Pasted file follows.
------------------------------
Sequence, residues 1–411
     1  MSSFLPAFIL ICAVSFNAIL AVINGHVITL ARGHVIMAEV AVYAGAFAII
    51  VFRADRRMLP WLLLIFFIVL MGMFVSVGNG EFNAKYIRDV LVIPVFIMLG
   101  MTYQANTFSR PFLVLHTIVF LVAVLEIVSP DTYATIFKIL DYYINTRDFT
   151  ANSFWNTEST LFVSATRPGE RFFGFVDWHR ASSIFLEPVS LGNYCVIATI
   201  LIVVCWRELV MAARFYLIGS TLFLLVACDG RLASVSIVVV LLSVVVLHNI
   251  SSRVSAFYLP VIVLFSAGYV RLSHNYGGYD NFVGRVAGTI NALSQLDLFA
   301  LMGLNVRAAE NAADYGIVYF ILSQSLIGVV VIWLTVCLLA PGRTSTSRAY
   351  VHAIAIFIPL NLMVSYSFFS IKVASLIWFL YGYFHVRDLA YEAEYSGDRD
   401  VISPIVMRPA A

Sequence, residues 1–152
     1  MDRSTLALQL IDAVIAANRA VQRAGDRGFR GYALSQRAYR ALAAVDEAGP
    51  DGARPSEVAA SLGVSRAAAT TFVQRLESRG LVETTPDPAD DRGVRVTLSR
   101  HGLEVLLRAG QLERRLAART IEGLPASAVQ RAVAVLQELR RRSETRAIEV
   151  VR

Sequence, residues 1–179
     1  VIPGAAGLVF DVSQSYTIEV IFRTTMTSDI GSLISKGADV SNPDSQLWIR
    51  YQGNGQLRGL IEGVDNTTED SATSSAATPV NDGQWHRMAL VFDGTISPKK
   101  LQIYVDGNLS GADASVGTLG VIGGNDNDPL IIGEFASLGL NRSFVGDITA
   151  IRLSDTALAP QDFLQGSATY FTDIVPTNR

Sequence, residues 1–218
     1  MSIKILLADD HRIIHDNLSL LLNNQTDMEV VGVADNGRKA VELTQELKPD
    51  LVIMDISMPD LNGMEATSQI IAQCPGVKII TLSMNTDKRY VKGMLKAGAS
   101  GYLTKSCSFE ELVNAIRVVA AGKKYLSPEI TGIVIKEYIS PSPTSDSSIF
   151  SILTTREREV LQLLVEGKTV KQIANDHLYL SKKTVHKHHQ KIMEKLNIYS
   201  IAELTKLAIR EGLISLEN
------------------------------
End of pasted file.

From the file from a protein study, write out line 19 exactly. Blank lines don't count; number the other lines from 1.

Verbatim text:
   101  LQIYVDGNLS GADASVGTLG VIGGNDNDPL IIGEFASLGL NRSFVGDITA